"The swimmer" (goes too often to Heidelberg) is an installation devised by Studio Azzurro for the Venezia Art Biennale of 1984. Flavio Albanese devised the setting for the spaces and the structures, designing a water tank covered in mosaic tiles, occupying the large hall on the ground floor of the 15th century Palazzo Fortuny in Venezia: an invasive and disorienting project.
- Venice Biennale
setting Flavio Albanese
founder & partner
Flavio Albanese (1951), is founder and president of ASA studio albanese. He is a self-educated designer, by combining his passion for contemporary art with the practical experience of an artisan-architect. Having come into contact with Carlo Scarpa, he learns from him to avoid an “a priori” approach to design, adapting on a case-by-case basis to the occasions, themes and contexts. He has held courses at the École Polytechinique Fédérale in Lausanne and at the Art Institute in Chicago (1980), at Yale University (1983), at the University of Architecture in Delft (2005), at the University of Florida (2006), at the Fundacion Proa de Buenos Aires (2008) and frequently at the most important Italian universities. He has also held two workshops at the international summer school of the Architecture School in Venice in 2009 and 2010. He was a member of the Confindustria Vicenza committee from 1998 to 2001, the Domus Academy Scientific Committee (2004-2005) and the MIart Committee of Honour (2009 and 2010), director of the Officina del Porto di Palermo (2006-2008), vice president of the Andrea Palladio Architecture Firms International Centre (2011-2015) and president of the Fondazione Teatro Comunale Città di Vicenza (2010-2016). From 2007 to 2010 he was asked to head Domus, the prestigious international architecture, design and contemporary art magazine. Active since 1971, in 1987 he founds with his brother Franco ASA studio albanese. The studio's projects were published by the most most important architecture and design magazines: the Neores project was selected for the Mies van der Rohe Foundation European Union Prize for Contemporary Architecture (2003), and ASA studio albanese took part in Venice's Architecture Biennial in 2004 and 2006. Flavio is an avid reader and bibliophile (his library, which is open to the rest of the firm, contains more than 15.000 volumes) and he is a connoisseur and collector of contemporary art.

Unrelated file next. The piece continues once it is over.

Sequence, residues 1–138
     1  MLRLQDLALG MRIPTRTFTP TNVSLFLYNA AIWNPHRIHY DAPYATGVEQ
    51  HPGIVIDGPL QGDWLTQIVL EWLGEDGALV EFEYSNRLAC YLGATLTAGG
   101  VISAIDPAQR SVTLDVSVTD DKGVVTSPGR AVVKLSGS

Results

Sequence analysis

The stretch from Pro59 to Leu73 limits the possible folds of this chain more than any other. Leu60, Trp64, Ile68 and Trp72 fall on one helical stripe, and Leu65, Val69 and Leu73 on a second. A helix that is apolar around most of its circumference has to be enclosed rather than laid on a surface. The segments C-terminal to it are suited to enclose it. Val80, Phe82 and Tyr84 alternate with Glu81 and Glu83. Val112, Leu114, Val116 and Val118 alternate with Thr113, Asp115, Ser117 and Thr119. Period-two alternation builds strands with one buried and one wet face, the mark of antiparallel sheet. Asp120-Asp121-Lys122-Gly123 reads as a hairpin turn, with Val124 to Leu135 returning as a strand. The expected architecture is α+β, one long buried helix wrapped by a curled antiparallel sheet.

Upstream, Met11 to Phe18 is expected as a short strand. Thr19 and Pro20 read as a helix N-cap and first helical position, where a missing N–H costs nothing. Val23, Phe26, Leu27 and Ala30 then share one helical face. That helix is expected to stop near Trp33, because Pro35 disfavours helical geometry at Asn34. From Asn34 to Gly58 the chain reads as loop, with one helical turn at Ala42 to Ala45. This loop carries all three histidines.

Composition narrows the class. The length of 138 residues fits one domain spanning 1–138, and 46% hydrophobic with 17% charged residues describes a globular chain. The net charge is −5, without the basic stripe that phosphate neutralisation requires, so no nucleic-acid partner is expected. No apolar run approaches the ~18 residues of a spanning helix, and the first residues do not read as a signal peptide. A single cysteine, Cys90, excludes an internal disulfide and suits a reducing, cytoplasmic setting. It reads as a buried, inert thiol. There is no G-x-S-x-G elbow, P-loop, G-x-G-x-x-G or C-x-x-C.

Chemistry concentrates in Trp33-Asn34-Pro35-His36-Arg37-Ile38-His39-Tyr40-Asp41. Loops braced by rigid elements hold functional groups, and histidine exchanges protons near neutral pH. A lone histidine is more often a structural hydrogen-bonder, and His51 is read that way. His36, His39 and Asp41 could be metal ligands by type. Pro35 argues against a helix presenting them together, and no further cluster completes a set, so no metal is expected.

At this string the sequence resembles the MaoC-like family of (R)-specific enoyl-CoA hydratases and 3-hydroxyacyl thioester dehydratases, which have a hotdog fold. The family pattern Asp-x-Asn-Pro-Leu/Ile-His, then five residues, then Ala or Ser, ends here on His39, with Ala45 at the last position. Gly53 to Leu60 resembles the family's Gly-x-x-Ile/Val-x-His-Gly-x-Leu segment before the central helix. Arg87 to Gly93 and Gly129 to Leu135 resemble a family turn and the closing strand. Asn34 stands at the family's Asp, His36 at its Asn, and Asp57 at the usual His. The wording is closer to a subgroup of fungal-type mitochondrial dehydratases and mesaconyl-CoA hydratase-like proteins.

- Studio Azzurro
“Apparently everything seems calm: a blue atmosphere and music all around welcome spectators. Across the monitors, positioned side by side, appear the repeated, tired strokes of a swimmer, who moves endlessly from one screen to another. The installation (synchronised with twenty-four monitors and thirteen video programmes) was created using twelve video cameras attached to the edge of a swimming pool at the water’s surface. It shows a swimmer who, with repeated, tired strokes, “crosses” the individual televisions placed side by side; a hundred micro-events (a falling ball, a sinking anchor…) are added to the main scene, and captured on the individual screens. It is precisely these alternating events that mark the spectators’ initial direct participation in the installation that will characterise the work of Studio Azzurro. The spectators are not witnessing a narration: they themselves become participants in the event that is taking place at that moment and that will never be the same” (Studio Azzurro)